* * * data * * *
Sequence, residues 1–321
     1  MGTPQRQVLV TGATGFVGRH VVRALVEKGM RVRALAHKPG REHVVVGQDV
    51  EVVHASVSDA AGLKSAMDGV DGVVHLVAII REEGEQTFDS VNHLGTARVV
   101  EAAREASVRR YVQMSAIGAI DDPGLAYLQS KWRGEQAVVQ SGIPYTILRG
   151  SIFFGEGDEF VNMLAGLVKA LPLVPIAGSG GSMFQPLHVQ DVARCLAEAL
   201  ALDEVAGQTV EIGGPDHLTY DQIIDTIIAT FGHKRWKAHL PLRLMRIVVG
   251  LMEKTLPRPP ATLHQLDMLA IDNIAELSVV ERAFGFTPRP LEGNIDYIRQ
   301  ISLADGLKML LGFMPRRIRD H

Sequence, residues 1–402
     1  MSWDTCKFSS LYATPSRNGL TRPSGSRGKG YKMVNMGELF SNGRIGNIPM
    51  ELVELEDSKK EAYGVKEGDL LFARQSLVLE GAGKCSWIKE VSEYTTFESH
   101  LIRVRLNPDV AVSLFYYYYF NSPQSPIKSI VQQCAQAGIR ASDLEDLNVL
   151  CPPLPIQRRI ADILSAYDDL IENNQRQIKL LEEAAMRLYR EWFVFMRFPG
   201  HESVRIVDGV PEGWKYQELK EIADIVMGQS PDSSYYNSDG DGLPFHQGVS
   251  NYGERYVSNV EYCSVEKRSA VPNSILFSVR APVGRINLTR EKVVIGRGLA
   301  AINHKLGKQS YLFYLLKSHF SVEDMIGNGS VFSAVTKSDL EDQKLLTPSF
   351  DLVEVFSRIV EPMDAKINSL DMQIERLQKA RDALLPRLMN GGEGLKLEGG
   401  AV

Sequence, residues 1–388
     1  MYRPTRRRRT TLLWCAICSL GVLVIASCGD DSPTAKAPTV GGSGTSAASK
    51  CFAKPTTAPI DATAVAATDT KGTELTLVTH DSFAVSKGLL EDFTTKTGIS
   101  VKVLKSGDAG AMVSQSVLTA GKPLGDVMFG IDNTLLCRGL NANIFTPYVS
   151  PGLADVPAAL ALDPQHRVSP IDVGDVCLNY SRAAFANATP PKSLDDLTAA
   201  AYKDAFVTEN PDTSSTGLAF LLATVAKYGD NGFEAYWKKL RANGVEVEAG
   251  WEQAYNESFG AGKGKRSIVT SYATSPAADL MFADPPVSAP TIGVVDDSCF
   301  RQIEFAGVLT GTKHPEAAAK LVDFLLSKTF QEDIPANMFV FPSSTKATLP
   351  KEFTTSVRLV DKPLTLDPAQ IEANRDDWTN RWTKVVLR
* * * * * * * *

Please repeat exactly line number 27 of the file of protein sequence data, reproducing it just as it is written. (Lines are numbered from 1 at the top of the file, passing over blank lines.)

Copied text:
   351  KEFTTSVRLV DKPLTLDPAQ IEANRDDWTN RWTKVVLR